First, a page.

Dear Co-Parent

Dear Co-Parent,

Thank you so much for asking us to join your kid’s birthday party. My own kids are delighted—they love being considered friends worthy enough of inviting. We all know how, due to budget constraints, you may have to set a limit to the number of guests, and really, we’re thrilled to have made the cut.  And to include us adults, the parents? Even more of an honor.

DIY Science party. I love organizing these things, but participating in them--not so much.

I marvel at all the preparations you’ve done—whether you’re a hardcore DIY-er, or if you’ve roped in professionals to do it, hats off to you. I know the quantities of blood (from making all those decorations and invitations by hand), sweat (from setting up the party venue) and tears (either yours or your kid’s) involved in getting a party going. From the food to the loot bag, it’s crazy how much work goes into making sure that everything goes right. 

So believe me, I know.

Prepping for an Owl and Pussycat themed party

But dear co-parent. Dear, dear co-parent. Please. Don’t make me join the adult games at a children’s party. I know you mean well. You want to make it an all-inclusive event where everyone has to have fun. Or you feel obliged to keep us adults entertained. Please don’t worry about me. I can entertain myself (even if, truth be told, children’s parties are not on my list of must-do life events). And I have more than enough fun taking pictures and keeping track of my kids running around in a sugar high. Surely you do not want to torture any of your guests (namely me) by making them join games.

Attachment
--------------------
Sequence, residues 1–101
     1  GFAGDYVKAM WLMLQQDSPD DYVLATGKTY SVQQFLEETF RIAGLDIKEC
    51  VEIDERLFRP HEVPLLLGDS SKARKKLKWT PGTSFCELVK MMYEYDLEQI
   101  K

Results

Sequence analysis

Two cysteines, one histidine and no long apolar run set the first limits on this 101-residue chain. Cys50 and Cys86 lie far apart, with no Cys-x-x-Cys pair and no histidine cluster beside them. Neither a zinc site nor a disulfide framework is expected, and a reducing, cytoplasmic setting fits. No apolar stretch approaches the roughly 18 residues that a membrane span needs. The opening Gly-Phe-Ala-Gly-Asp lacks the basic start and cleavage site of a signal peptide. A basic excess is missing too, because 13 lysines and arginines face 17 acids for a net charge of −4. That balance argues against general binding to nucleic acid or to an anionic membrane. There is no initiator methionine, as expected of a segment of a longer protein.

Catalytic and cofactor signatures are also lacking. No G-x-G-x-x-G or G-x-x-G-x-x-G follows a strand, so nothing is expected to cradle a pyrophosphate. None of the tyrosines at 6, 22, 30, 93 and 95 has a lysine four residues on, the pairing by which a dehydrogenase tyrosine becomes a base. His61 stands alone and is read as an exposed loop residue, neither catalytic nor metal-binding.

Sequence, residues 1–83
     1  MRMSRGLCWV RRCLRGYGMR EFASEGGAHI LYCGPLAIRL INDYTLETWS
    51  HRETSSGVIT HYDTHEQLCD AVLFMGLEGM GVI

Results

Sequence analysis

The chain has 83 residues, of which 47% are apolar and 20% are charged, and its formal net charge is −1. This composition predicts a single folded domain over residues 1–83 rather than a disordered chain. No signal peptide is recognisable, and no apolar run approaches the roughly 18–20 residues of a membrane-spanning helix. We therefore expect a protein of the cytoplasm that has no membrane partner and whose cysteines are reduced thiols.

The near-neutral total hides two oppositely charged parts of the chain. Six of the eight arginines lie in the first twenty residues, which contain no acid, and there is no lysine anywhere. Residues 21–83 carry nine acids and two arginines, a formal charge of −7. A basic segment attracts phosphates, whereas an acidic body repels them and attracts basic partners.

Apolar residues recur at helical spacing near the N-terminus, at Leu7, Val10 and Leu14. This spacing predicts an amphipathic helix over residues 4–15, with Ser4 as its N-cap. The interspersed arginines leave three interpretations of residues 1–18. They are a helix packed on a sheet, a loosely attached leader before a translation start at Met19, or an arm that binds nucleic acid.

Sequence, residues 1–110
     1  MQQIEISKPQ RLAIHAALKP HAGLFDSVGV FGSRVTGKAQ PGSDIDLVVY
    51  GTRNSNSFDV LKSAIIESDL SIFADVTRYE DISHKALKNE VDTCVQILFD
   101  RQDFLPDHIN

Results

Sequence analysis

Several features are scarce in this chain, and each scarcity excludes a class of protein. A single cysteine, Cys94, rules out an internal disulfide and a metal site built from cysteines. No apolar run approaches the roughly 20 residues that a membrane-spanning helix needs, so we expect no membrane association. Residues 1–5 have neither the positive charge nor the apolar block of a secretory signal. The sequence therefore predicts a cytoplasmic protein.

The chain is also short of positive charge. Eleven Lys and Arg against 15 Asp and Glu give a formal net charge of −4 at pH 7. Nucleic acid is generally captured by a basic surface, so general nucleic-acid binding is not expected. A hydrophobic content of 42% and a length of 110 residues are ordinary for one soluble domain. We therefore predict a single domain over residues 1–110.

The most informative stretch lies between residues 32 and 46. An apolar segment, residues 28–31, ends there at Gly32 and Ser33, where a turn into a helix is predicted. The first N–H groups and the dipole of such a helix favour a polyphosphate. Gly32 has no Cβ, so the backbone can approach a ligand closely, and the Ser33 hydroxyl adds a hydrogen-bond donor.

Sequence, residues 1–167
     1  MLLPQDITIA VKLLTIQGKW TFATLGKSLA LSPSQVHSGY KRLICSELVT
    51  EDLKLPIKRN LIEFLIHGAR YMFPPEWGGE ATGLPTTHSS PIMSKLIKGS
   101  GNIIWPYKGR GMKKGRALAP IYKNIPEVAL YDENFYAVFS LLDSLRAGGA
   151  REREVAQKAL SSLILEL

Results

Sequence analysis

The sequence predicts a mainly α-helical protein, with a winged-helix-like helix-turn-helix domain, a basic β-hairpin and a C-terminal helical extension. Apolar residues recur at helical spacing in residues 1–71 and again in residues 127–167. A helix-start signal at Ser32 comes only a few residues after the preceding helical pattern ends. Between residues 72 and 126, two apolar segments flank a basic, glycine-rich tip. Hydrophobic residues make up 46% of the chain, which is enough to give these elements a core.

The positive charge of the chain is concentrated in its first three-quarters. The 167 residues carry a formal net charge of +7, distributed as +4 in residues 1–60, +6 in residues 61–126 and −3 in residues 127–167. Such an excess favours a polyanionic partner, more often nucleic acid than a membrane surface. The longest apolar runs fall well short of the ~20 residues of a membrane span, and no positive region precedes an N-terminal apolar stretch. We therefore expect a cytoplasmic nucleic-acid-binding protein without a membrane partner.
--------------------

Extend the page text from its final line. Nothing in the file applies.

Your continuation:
Donut Decorating Party!

Don’t take it personally. I never enjoyed joining games at children’s parties, even as a child. Perhaps it was the trauma of tripping during the sack race, or the stigma of being the one who dropped the baton in that crucial last leg of the three legged race (see what I did there?). Or perhaps the fact that I find it difficult to orient myself when blindfolded and therefore can never go the right direction to pin the tail on the donkey or break the palayok.   Whatever the reason, I was always perfectly content hanging out in some quiet spot, going through the old issues of Time magazine, or coffee table books, or brochures, much to my mother’s dismay (now if you want adult game participants, talk to my mom—she adores those things, enough for both of us).

Transforming the cemented back yard into a fairy garden for a tea party.

They say that some traits are inherited, and I’m afraid my younger daughter, Breeze, may have caught some of my stick-in-the-mud-wallflower-party-guest tendencies. Make no mistake; she likes going to parties—but she just likes to watch. Please don’t be offended if she refuses to eat the food you lovingly prepared, or join the games that you organized. She would love to watch your magic show, usually from my lap. But if she’s warmed up enough, she’ll even join the other kids sitting in the special kiddie chairs up front. Raine, our family social butterfly (who apparently takes after my mom), would be happy to join the games and activities on our behalf. 

I hope you won’t peg me as some high maintenance mommy diva. I would be so willing to help out behind the scenes. Make me serve food, or distribute the prizes. Tell me to set up the chairs and tables. I will labor for you making invitations and decorations. As long as I don’t have to interact much, I’m your man. Or woman.

Dear co-parent, I hope that this will be the start of a beautiful relationship between us. And I hope when we invite you to our kids’ parties, that you would enjoy them as much as we enjoy yours.

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